Turtle Snorkeling Oahu, Hawaii: the 7 spots for super meetings
- Turtle Snorkeling Oahu, Hawaii: the 7 spots for super meetings
- Fascinating facts about Hawaiian Sea Turtles.
- Top Locations of Turtle Snorkeling Oahu, Hawaii.
- 1. Laniakea Beach (Turtle Beach): for turtle swimming on Oahu’s North Shore
- 2. Electric Beach (Kahe Point): for turtle swimming on the West side of Oahu
- 3. Makua Beach on Oahu Island
- 4. Haleiwa Beach on the Oahu Island
- 5. Cockroach Cove (aka Kaupo Bay): for turtle swimming on the South shore of Oahu.
- 6. Hanauma Bay Nature Preserve: a well-known tourist spot on Oahu for turtle snorkeling.
- 7. Waikiki Beach on Oahu and the Green Sea Turtle
- Sea Turtle Swimming on Oahu: The Information You Need to Know.
- Please take note of the following advice before going swimming with turtles in Hawaii.
Your dream comes true! It’s time to mingle with the natives now that you’ve arrived on Hawaii’s island of Oahu and it’s a time to meet the Hawaiian sea turtles.
I have included all of the top beaches where you might be fortunate enough to see a turtle. Any of them will take you to the ideal locations where you may got a snorkel and have an eco-friendly interaction with dolphins and sea turtles.
Fascinating facts about Hawaiian Sea Turtles.
There are five different species of sea turtle that live in Hawaii. On Oahu, the green sea turtle, known as Honu in Hawaiian, is by far the most prevalent.
The Hawksbill sea turtle is the second most common, but it is far less usual to observe one. You probably won’t see the Loggerhead, Leatherback, or Olive Ridley because they prefer to hang out in deeper waters.
The largest living marine turtles, leatherbacks, can weigh more than 2,000 pounds. However, you thrill seeker, you need not fear. Green sea turtles are also pretty big.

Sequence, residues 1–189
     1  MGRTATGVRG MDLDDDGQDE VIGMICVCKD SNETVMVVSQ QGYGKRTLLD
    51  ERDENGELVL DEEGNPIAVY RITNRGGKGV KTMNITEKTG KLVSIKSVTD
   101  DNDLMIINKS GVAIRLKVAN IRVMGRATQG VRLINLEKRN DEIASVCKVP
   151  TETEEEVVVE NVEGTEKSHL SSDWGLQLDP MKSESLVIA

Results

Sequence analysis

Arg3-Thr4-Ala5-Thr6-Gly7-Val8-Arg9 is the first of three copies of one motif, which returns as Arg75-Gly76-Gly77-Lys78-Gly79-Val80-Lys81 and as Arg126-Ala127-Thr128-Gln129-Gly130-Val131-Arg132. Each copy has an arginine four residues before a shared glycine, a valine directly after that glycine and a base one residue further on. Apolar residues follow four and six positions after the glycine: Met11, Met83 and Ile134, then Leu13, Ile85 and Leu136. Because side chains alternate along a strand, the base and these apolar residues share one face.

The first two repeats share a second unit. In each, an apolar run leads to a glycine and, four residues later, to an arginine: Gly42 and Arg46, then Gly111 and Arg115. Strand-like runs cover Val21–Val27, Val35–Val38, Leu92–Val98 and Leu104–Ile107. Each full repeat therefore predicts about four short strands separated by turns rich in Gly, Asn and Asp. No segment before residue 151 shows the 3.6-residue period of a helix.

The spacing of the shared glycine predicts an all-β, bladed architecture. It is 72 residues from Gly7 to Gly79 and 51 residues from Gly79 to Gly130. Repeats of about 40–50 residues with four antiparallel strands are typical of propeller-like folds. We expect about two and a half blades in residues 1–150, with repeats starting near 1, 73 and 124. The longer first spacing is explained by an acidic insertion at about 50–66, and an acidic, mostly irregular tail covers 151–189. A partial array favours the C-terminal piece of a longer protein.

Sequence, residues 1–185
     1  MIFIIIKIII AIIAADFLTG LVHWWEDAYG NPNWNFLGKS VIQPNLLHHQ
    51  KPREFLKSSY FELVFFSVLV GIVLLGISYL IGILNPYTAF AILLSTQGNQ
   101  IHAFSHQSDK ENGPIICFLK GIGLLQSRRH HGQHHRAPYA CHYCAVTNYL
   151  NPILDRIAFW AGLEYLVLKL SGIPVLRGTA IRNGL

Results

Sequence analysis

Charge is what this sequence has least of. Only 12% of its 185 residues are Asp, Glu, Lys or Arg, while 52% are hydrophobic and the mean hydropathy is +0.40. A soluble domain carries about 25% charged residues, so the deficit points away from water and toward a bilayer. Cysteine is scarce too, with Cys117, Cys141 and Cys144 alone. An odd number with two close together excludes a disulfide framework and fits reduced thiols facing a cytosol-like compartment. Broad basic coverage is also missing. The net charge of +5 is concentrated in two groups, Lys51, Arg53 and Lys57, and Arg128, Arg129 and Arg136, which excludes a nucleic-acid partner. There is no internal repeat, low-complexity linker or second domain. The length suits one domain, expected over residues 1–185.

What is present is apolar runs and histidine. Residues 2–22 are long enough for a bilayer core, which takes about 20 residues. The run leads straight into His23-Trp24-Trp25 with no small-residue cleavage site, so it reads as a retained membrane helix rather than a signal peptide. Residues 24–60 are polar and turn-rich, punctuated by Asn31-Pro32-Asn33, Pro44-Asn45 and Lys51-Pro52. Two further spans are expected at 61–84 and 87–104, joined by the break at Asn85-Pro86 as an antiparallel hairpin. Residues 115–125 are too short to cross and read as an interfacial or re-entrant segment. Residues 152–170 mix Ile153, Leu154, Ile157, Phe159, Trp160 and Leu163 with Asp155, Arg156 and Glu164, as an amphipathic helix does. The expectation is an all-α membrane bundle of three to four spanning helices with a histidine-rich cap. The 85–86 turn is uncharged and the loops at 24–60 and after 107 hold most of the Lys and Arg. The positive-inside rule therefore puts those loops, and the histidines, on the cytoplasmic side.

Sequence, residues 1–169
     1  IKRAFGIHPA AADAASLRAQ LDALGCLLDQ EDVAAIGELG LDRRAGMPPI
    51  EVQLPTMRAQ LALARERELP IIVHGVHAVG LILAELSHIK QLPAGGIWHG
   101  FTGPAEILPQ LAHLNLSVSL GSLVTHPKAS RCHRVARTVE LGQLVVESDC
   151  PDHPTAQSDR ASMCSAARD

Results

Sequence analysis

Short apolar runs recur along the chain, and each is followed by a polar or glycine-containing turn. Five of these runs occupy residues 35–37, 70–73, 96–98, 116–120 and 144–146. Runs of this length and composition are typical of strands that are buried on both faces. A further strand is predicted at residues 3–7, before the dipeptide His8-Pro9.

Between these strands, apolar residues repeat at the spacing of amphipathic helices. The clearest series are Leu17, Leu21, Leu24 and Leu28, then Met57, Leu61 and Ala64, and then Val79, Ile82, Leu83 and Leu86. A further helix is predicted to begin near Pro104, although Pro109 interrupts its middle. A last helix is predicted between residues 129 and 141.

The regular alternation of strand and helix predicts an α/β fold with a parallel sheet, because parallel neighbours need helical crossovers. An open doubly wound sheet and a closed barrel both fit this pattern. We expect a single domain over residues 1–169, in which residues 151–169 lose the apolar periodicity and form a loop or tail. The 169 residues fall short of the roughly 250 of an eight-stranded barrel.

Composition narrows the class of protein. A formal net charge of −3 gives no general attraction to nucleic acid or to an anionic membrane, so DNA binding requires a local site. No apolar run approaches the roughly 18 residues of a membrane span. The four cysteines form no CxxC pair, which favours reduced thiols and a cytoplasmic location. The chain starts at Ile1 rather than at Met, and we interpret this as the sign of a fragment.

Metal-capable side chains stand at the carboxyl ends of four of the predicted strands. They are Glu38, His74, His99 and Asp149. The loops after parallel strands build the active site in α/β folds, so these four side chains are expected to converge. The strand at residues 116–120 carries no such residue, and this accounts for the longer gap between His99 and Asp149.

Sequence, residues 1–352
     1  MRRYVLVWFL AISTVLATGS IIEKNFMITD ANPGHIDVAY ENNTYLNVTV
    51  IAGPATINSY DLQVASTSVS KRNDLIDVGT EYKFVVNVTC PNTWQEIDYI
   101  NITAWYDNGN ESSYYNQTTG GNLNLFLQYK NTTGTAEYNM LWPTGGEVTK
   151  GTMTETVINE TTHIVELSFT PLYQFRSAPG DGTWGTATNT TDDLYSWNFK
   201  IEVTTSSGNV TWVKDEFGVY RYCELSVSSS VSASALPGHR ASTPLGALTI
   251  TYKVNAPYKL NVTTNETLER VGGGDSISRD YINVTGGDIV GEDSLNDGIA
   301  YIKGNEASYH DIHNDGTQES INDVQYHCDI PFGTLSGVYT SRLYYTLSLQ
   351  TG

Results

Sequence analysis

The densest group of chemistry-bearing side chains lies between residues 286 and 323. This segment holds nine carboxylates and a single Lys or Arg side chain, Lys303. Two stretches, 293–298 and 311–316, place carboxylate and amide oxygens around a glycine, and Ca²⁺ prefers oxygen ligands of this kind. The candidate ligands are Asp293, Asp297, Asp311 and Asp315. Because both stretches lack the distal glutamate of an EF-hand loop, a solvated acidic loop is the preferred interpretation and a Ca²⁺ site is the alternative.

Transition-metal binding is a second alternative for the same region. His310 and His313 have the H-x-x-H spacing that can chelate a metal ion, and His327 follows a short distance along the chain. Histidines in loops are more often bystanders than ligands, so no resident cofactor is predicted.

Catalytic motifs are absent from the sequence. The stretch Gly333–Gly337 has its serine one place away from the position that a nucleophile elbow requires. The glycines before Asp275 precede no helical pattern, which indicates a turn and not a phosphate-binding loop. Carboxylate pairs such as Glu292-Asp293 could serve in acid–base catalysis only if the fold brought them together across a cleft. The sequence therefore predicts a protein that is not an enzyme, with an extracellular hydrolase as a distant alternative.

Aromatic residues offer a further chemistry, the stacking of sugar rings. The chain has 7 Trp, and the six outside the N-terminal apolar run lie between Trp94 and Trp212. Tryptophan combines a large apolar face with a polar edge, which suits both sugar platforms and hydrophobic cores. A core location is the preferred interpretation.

The entire life of a sea turtle is spent at sea. Given that a green sea turtle can live for anywhere between 30 and 80 years, it is a considerable amount of time spent underwater.
Although sea turtles are acclimated to the ocean, they still need air to breathe, so it’s not unusual to occasionally see their heads poking above the surface.
Sea turtles occasionally migrate across entire oceans to feed on limu before returning home. For example, some Loggerhead turtles migrate from Japan to Big Sur, California for grub before coming home again.
Sea turtles eat algae, known as “limu” in Hawaiian. Limu is found in abundance around Hawaii’s coral reefs, making the reefs an ideal site to discover sea turtles.
Top Locations of Turtle Snorkeling Oahu, Hawaii.
According to our observations, the seven beaches described above are the best places to see sea turtles on Oahu:
1. Laniakea Beach (Turtle Beach): for turtle swimming on Oahu’s North Shore
Laniakea is a highly popular tourist destination. Although it tops most lists of “Where to swim with turtles on Oahu”, I urge you to visit other less-frequented locations.
However, if you’re just looking for the best chance to spot a turtle without taking a tour, this is definitely your best option.
On the island’s north shore is Laniakea Beach, and I suggest visiting between 11 a.m. and 1 p.m.